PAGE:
The governor of the Bank of Spain has argued that IVA (VAT) offers the greatest "margin for improvement" for generating tax revenue. He is supported by the IMF and the European Commission. Yet IVA is pretty much the only tax mechanism that the government is not considering.
The government clearly does have to address its finances. No one should be under any illusion that it will not be raising taxes. The principal sources that it is contemplating include business tax and high earners' income tax. The General Council of Economists has rejected the increase for businesses, maintaining that the burden is already higher than in, e.g., France and Germany.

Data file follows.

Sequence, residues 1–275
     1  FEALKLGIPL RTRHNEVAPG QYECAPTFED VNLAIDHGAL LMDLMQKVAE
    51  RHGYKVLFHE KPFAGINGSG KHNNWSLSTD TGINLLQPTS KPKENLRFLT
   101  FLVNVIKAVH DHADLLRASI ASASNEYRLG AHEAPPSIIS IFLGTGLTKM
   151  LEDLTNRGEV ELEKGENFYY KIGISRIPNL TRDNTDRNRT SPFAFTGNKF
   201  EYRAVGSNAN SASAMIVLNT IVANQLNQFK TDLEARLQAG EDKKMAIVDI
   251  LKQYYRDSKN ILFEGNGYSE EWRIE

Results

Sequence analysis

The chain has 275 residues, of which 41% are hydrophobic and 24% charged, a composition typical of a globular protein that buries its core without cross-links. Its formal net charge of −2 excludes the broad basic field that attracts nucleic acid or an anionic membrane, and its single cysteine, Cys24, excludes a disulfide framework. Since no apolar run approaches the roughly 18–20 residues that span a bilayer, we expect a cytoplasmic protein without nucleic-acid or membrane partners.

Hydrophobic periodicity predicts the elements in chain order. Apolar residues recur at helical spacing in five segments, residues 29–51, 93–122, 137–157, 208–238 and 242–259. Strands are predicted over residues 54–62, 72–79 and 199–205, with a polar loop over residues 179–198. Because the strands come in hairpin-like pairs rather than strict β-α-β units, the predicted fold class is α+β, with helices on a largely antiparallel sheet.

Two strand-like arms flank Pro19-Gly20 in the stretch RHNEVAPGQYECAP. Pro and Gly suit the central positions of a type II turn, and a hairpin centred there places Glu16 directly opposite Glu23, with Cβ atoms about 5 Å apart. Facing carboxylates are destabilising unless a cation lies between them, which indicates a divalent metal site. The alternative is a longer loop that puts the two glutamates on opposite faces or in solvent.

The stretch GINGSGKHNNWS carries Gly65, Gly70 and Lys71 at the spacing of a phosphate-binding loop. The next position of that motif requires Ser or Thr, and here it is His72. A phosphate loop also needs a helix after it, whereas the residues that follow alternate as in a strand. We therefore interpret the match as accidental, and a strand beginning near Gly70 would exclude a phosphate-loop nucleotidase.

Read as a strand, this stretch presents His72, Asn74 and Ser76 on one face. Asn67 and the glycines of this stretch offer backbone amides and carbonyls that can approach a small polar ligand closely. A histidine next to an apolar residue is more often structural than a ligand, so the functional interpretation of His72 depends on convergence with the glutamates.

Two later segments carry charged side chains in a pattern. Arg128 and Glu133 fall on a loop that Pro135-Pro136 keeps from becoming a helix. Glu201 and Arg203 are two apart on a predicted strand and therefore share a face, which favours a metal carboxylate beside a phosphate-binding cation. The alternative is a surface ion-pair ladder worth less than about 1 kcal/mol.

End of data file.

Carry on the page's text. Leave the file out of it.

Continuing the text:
Might the government change its mind on IVA? The Bank, the IMF and Brussels all suggest that there is scope to address the reduced and super-reduced rates of 10% and 4%. Into the former falls the tourist rate of IVA, something that business has been demanding should be further reduced in order to aid competitiveness.
The general rate of IVA was increased from 16% to 18% in 2009 as financial crisis began to take hold; the reduced rate went up from 7% to 8%. The Rajoy government, pursuing austerity, then raised the rates to 21% and 10%. The current government is perhaps wise to leave them be, but higher rates for business plus green taxes, e.g. the air travel tax, will likewise be condemned for harming competitiveness. But the government is going to have to use fiscal measures of some form. They're unavoidable.